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© Author(s) 2020. This work is distributed under
the Creative Commons Attribution 4.0 License.
© Author(s) 2020. This work is distributed under
the Creative Commons Attribution 4.0 License.

  13 Feb 2020

13 Feb 2020

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This preprint is currently under review for the journal ACP.

Rainforest-like Atmospheric Chemistry in a Polluted Megacity

Mike J. Newland1, Daniel J. Bryant1, Rachel E. Dunmore1, Thomas J. Bannan2, W. Joe F. Acton3, Ben Langford4, James R. Hopkins1,5, Freya A. Squires1, William Dixon1, William S. Drysdale1, Peter D. Ivatt1, Mathew J. Evans1, Peter M. Edwards1, Lisa K. Whalley6,7, Dwayne E. Heard6,7, Eloise J. Slater6, Robert Woodward-Massey8, Chunxiang Ye8, Archit Mehra2, Stephen D. Worrall2,a, Asan Bacak2, Hugh Coe2, Carl J. Percival2,b, C. Nicholas Hewitt3, James D. Lee1,5, Tianqu Cui9, Jason D. Surratt9, Xinming Wang10, Alastair C. Lewis1,5, Andrew R. Rickard1,5, and Jacqueline F. Hamilton1 Mike J. Newland et al.
  • 1Wolfson Atmospheric Chemistry Laboratories, Department of Chemistry, University of York, York, UK
  • 2School of Earth and EnvironmentalSciences, The University of Manchester, Manchester, UK
  • 3Lancaster Environment Centre, Lancaster University, Lancaster, UK
  • 4Centre for Ecology and Hydrology, Edinburgh, EH26 0QB, UK
  • 5National Centre for Atmospheric Science (NCAS), University of York, York, UK
  • 6School of Chemistry, University of Leeds, Leeds, UK
  • 7National Centre for Atmospheric Science, School of Chemistry, University of Leeds, UK
  • 8Beijing Innovation Center for Engineering Science and Advanced Technology, State Key Joint Laboratory for Environmental Simulation and Pollution Control, Center for Environment and Health, College of Environmental Sciences and Engineering, Peking University, Beijing, 100871, China
  • 9Department of Environmental Sciences and Engineering, Gillings School of Global Health, University of North Carolina, Chapel Hill, USA
  • 10Guangzhou Institute of Geochemistry, Chinese Academy of Sciences, Guangzhou, China
  • anow at: Chemical Engineering and Applied Chemistry, School of Engineering and Applied Science, Aston University, Birmingham, UK
  • bnow at: Jet Propulsion Laboratory, California Institute of Technology, 4800 Oak Grove Drive, Pasadena, CA, USA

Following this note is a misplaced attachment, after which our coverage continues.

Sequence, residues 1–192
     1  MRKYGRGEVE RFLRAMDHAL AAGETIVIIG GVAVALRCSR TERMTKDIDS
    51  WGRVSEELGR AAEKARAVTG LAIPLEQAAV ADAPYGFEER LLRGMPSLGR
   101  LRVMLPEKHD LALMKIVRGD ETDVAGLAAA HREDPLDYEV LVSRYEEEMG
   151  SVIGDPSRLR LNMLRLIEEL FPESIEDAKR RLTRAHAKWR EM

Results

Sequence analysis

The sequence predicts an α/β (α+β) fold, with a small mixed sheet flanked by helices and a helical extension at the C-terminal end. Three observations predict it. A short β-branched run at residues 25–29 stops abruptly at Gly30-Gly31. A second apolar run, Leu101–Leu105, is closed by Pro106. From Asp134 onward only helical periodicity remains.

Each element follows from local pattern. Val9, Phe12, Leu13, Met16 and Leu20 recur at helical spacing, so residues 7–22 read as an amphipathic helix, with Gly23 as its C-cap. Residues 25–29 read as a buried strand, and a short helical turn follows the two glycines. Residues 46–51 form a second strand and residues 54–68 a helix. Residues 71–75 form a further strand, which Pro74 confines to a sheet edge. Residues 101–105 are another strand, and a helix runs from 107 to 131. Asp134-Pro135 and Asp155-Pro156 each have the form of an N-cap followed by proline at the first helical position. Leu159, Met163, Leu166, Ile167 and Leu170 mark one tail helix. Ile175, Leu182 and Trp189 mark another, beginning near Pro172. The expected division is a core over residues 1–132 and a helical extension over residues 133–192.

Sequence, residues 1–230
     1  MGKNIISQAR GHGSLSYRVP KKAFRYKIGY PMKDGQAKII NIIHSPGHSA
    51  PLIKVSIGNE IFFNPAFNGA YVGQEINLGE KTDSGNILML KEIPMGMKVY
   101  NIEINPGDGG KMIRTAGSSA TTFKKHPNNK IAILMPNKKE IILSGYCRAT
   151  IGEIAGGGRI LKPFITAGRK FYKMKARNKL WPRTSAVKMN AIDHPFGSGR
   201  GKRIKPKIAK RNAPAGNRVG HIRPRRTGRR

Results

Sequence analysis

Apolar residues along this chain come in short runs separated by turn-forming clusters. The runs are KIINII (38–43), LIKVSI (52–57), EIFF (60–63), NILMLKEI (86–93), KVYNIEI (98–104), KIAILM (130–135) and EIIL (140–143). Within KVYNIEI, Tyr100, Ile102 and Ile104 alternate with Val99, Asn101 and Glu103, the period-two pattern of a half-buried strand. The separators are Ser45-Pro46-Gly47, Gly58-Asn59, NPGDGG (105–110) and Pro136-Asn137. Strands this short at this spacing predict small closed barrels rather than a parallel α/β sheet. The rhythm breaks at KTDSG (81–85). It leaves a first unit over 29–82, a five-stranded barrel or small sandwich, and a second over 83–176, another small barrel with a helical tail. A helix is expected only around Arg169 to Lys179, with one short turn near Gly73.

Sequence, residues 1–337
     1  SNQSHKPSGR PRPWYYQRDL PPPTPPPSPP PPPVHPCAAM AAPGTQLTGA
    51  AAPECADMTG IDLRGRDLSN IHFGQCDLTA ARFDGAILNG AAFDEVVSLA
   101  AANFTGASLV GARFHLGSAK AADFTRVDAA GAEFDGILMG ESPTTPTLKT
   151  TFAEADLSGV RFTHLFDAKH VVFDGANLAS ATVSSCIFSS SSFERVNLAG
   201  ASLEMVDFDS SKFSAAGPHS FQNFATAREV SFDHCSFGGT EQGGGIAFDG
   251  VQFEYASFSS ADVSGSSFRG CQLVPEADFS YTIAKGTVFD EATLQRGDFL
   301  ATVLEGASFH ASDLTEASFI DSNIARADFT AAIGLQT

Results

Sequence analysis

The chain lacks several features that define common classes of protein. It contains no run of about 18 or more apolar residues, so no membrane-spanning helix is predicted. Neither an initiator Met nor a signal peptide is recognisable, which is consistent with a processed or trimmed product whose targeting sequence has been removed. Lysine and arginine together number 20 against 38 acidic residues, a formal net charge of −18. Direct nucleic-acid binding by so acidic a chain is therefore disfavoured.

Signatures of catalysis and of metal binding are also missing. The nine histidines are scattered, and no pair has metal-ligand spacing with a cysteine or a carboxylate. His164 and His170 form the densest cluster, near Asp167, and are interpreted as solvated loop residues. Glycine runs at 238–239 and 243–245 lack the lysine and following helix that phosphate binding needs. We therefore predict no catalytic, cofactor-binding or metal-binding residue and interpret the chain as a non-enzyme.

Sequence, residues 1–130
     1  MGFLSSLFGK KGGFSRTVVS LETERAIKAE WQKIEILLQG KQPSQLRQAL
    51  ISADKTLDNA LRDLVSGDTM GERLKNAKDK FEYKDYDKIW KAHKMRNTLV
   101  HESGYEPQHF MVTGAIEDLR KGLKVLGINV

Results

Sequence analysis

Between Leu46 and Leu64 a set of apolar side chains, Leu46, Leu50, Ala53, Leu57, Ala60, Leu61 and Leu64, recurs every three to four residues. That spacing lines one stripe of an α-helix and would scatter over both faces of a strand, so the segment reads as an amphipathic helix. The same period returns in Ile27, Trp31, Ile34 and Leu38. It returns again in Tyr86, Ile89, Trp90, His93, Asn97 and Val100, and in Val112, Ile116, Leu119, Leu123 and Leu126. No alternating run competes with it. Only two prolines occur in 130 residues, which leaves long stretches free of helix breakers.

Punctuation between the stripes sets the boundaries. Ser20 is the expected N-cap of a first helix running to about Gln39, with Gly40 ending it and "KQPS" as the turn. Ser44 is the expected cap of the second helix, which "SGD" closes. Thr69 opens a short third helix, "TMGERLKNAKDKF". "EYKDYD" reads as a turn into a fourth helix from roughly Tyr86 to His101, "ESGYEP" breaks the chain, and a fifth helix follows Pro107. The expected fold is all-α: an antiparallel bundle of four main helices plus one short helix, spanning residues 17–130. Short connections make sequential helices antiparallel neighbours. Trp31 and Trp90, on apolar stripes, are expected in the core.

Abstract. The impact of volatile organic compound (VOC) emissions to the atmosphere on the production of secondary pollutants, such as ozone and secondary organic aerosol (SOA), is mediated by the concentration of nitric oxide (NO). Polluted urban atmospheres are typically considered to be high-NO environments, while remote regions such as rainforests, with minimal anthropogenic influences, are considered to be low-NO. Policy to reduce urban air pollution is typically developed assuming that the chemistry is controlled by the high-NO regime. However, our observations from central Beijing show that this simplistic separation of regimes is flawed. Despite being in one of the largest megacities in the world, we observe significant formation of gas and aerosol phase oxidation products associated with the low-NO rainforest-like regime during the afternoon. This is caused by a surprisingly low concentration of NO, coupled with high concentrations of VOCs and of the atmospheric oxidant hydroxyl (OH). Box model calculations suggest that during the morning high-NO chemistry predominates (95 %) but in the afternoon low-NO chemistry plays a greater role (30 %). With increasing global emphasis on reducing air pollution, the modelling tools used to develop urban air quality policy need to adequately represent both high- and low-NO regimes if they are to have utility.

Mike J. Newland et al.

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Mike J. Newland et al.

Mike J. Newland et al.


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Short summary
We report the formation of secondary pollutants in the urban Megacity of Beijing that are typically associated with remote regions such as rainforests. This is caused by extremely low levels of nitric oxide (NO), typically expected to be high in urban areas, observed in the afternoon. This work has significant implications for how we understand atmospheric chemistry in the urban environment, and thus how to implement effective policies to improve urban air quality.
We report the formation of secondary pollutants in the urban Megacity of Beijing that are...